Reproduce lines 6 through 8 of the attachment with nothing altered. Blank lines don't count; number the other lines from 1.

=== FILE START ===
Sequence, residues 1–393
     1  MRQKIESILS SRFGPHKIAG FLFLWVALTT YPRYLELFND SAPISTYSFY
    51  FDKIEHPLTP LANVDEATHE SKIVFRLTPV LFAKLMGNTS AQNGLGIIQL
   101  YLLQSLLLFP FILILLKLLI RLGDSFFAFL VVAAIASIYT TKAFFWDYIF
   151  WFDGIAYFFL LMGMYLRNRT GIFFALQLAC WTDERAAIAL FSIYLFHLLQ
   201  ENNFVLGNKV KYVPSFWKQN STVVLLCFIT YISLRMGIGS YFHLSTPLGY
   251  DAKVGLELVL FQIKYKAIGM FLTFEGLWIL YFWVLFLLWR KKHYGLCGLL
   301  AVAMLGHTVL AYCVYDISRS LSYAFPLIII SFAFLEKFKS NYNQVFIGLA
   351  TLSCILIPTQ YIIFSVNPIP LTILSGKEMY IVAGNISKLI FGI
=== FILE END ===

   201  ENNFVLGNKV KYVPSFWKQN STVVLLCFIT YISLRMGIGS YFHLSTPLGY
   251  DAKVGLELVL FQIKYKAIGM FLTFEGLWIL YFWVLFLLWR KKHYGLCGLL
   301  AVAMLGHTVL AYCVYDISRS LSYAFPLIII SFAFLEKFKS NYNQVFIGLA